Sally Field in town to support Houston Equal Rights Ordinance

Sally Field says she is compelled to stand up to what she calls evil lies surrounding Houston Equal Right's Ordinance.

HOUSTON – Sally Field says she is compelled to stand up to what she calls evil lies surrounding Houston Equal Right's Ordinance.

The two-time Oscar winning actress says this is very personal to her because her mother and grandmother were both born here in Houston, and she's the mother of a gay son.

However, the actress says this goes much deeper than that.       

"Why here, why Houston, why me? Because everyone in this country is watching this. This is incredibly important. Eyes are on Houston. This is Texas," Field said.

She's a name big enough to grab plenty of attention. Field is hoping Houston voters will listen to her message and vote "Yes" on Proposition 1.

"There are 15 different categories of people it protects. I fit into many of those categories," she said. "This is my country, this our fight to bring about equality as a right for everyone."

Raw: Sally Field speaks on HERO at Alley Theatre

Field joined other female leaders in the Houston community in slamming opposition to the HERO ordinance and concerns that it could give sexual predators legal permission to enter women's restrooms.

"It's a lie," Field said. "It's a lie, it's a lie, it's a lie. That's all you can say."

Which is why Field says she didn't think twice about coming here to Houston to clear what she believes is confusion amongst voters.

Her feelings were echoed by everyone who spoke out including Houston city council member Ellen Cohen, who spent 18 years as CEO of the Houston area Women's Center.

Cohen says the biggest opponents of HERO are using scare tactics that are not accurate.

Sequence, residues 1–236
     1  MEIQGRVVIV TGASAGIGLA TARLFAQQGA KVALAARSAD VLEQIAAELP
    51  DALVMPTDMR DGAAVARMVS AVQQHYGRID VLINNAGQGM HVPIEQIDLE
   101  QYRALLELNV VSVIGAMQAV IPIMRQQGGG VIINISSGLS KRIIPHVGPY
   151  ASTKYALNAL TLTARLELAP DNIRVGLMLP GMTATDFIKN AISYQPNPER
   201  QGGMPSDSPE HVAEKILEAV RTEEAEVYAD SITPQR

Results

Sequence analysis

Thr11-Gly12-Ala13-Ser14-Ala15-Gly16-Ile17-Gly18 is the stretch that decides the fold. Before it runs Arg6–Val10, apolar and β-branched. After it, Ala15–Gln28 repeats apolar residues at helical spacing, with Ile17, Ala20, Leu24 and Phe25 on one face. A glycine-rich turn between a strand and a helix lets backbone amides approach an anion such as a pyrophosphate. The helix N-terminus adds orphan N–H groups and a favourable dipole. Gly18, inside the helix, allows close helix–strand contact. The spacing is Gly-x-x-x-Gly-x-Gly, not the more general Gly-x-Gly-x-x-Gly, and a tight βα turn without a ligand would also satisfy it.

"Sexual assault happens to someone who knows the perpetrator, sexual assault doesn't happen by men putting on an outfit and walking into a women's restroom," Cohen said. "It's bogus it's incorrect."

"I think it will wake up a lot of people if it doesn't pass but please god let's not wake them up let's let it pass already," Field added.

Speakers who took the podium at the Alley Theatre point out that similar anti-discrimination ordinances exist in 200 cities in 17 different states.

They say there hasn't been a single case reported of an equal rights ordinance resulting in an assault in a bathroom.

HERO has started to attract attention on a national level as well. Hillary Clinton tweeted her support and the White House issued the following statement:

While the Administration generally does not take a formal position on specific proposals or initiatives, the President and Vice President have been strong supporters of state and local efforts to protect Americans from being discriminated against based on who they are and who they love. We're confident that the citizens of Houston will vote in the favor of fairness and equality.

 


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